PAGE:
Stacie Lewis’ experience raising hell…
... erm, raising a little girl with severe brain damage. The blog began in 2009 when May was 4 1/2 months old.
Currently, May enjoys bouncing and the dulcet tones of dub step.
Click on May's photo here to link to her best bits, including videos!
Email her or her mama at: firstname.lastname@example.org
WANT MAIL FROM MAMA?
- March 19, 2011 // 56 Comments
- June 21, 2013 // 45 Comments
- November 14, 2009 // 36 Comments
- November 25, 2011 // 35 Comments
- July 18, 2012 // 28 Comments
- November 6, 2012 // 27 Comments
- November 29, 2013 // 0 Comments
- November 25, 2013 // 3 Comments
- November 7, 2013 // 4 Comments
- October 23, 2013 // 12 Comments
- October 9, 2013 // 11 Comments
- By Katie B., November 26, 2013
- By Ellen Lewis, November 26, 2013
- By Madgew, November 26, 2013
- By tee, November 11, 2013
- By Alexa, November 8, 2013
Don’t understand a term?Click here: TO SEE MY GLOSSARY!
Posts about May on BabyCenter!
A bit of praise but is it art? CP Info Dealing with Doctors Fun with May Giveaway Hip surgery Hot Air Ieuan Kids all access... London Leukemia Life with a CP Baby Lycra (Supergirl) Suit May vs The Hospital May's History Medical Records Music Not special needs. More like NEED IT. Nursery Physio Potty Training Preschool Seizures Sleep So-called experts Success! This week I'm... Transportation Visual Impairment
- November 2013
- October 2013
- September 2013
- August 2013
- July 2013
- June 2013
- May 2013
- April 2013
- March 2013
- February 2013
- January 2013
- December 2012
- November 2012
- October 2012
- September 2012
- August 2012
- July 2012
- June 2012
- May 2012
- April 2012
- March 2012
- February 2012
- January 2012
- December 2011
- November 2011
- October 2011
- September 2011
- August 2011
- July 2011
- June 2011
- May 2011
- April 2011
- March 2011
- February 2011
- January 2011
- December 2010
- November 2010
- October 2010
- September 2010
- August 2010
- July 2010
- June 2010
- May 2010
- April 2010
- March 2010
- February 2010
- January 2010
- December 2009
- November 2009
- October 2009
- September 2009
One story that has received almost no coverage during the Paralympics
The Paralympics are here and, at least in Britain and many other countries around the world (America not being one of them) – people see disability in a new light. I went to the Paralympics with my family. I enjoyed being a part of it – but it was not an easy day. May was teething and desperate for a bottle and the Olympic Park is the size of Chicago.
“Just keep walking,” I said to my husband. “She’s will stop crying when she has a bottle in her mouth and the chance to sleep.” Which turned out to be true, but “just keep walking” resulted in a 40-minute scream fest.
When I spoke of our visit to people, I made no mention of the scream fest. Instead, I spoke of how great it was to be a part of sporting history.
In other words, much like disability coverage during the Paralympics, I glossed over the hard stuff.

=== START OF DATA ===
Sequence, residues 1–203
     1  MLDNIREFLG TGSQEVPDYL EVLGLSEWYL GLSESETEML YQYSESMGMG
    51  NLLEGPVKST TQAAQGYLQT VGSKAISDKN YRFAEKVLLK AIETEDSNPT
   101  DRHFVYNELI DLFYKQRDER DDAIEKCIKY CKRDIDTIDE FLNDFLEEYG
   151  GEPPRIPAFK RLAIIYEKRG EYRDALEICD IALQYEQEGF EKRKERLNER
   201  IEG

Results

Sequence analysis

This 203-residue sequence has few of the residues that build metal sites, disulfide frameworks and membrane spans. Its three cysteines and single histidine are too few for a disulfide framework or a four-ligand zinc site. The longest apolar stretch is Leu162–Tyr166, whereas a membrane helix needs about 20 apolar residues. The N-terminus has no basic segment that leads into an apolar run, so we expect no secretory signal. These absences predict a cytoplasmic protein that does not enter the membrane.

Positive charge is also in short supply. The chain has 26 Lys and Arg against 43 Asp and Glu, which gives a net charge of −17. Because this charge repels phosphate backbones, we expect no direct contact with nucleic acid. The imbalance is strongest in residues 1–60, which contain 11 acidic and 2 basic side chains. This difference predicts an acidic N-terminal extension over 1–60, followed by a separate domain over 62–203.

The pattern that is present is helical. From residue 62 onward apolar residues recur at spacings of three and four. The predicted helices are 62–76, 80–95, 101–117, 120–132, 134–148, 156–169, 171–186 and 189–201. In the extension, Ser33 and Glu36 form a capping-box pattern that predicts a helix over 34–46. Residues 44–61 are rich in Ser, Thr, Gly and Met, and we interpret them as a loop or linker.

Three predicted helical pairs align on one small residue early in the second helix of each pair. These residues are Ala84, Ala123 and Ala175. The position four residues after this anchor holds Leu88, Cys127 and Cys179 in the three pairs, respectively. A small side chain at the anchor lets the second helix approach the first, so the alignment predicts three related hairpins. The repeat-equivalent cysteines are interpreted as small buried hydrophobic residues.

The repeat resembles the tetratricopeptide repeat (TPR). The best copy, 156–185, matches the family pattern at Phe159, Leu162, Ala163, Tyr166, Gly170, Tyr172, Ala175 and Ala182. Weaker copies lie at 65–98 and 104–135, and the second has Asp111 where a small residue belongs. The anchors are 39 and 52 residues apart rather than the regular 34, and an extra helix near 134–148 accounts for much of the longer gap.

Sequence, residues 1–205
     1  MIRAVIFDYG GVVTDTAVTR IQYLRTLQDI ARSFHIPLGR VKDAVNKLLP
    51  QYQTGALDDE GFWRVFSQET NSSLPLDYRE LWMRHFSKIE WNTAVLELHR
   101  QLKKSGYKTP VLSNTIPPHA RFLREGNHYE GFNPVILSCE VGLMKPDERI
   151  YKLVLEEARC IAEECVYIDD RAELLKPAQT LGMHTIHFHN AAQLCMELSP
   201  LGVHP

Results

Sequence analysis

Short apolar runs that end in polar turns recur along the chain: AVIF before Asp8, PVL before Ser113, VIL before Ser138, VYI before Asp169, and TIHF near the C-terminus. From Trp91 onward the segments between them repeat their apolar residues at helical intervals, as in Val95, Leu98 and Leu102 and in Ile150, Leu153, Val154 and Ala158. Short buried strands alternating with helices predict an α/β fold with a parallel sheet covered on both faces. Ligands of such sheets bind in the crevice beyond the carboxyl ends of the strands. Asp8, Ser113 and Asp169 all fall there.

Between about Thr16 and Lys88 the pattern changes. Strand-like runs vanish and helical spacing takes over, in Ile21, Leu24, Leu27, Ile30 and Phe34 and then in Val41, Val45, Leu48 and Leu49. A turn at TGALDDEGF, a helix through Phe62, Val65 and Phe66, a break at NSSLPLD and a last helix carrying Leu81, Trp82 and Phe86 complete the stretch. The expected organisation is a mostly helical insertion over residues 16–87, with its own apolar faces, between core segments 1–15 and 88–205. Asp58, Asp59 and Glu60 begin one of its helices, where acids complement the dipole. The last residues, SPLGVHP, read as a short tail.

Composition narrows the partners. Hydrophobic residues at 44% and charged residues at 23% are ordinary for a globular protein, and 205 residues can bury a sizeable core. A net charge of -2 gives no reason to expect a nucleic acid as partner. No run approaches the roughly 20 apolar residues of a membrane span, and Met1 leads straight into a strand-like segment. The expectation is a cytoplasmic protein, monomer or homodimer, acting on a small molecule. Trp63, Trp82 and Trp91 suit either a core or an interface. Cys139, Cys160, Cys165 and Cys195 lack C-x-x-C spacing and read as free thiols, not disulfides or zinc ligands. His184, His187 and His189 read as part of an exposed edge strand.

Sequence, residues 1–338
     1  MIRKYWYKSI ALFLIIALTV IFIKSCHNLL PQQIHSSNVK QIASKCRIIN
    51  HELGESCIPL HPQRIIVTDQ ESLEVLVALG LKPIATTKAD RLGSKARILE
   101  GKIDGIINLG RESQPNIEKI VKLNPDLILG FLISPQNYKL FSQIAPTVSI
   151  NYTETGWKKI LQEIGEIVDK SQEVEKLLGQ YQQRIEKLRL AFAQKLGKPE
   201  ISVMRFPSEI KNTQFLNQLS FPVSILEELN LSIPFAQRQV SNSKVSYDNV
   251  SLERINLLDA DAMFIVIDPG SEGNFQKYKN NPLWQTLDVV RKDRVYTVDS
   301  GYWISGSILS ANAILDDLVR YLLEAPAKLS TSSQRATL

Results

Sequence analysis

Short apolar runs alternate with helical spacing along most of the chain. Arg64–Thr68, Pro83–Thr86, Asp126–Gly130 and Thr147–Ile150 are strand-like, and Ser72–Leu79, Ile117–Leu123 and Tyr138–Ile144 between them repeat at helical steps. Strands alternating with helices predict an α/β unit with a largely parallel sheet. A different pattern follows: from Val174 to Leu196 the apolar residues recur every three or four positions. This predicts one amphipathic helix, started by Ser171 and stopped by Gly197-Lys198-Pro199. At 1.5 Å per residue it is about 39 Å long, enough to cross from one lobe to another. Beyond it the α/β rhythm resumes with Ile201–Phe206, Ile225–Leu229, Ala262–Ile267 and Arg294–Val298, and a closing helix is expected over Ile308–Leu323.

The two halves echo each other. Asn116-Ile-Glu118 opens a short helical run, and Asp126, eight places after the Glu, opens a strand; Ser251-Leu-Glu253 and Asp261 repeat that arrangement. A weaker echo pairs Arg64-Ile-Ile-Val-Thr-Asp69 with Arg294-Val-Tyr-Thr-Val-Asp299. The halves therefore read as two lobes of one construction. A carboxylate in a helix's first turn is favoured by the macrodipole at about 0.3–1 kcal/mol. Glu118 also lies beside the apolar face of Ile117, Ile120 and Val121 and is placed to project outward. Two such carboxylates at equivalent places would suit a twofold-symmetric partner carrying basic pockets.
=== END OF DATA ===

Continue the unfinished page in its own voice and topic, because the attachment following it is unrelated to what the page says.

Meanwhile, the same week we watched world-class, disabled athletes, we also received a letter from Lambeth saying they would no longer provide SEN transport to children like May. The Paralympics is the show; that letter is the reality.
This week, I found one story more troubling than anything I’ve read about all year. Where is the coverage? Languishing in a small column in the back pages of American newspapers.
Florida has been removing children with complex medical needs from their homes against their parents wishes to save money. The children are placed in nursing homes for the elderly, often not located hours away from their families and receiving little to any stimulation. Never going outside. Not living with other children. Receiving less than 3 hours of education a week.
If May had been born in Florida – they would have attempted to force us to place her in an institution from birth.
From The San Francisco Chronicle (and it goes to show how little coverage this is getting that no Florida media outlet has written as lengthy a piece):
“the state turned down nearly $40 million in federal dollars for a program that transitions people from nursing homes back into the community. The state has also been paying community-based providers less, reducing payments by 15 percent last year because of legislative budget cuts, the letter stated.
Yet the state implemented policies that expanded nursing home care, by offering facilities a $500 enhanced daily rate for caring for children, which is more than double than what the state pays for adults, according to the letter.”
So, it didn’t even save the State money and for nursing homes it made money.
I read the full Attorney General’s report and their demand for a response from Florida and I sobbed for two hours last night. After, I published a piece about it on BabyCenter, What’s worse: being born disabled, or in Florida?
Readers asked if they could sign a petition against Florida’s barbarism. I’m not sure a petition will do any good against the wave of conservative ideals sweeping America. Will Florida protect its children, or its right to profit off them?
I can’t do much from the UK, but I can stand in solidarity with these parents and ask you to do the same by signing and share this petition, and see where it goes from there.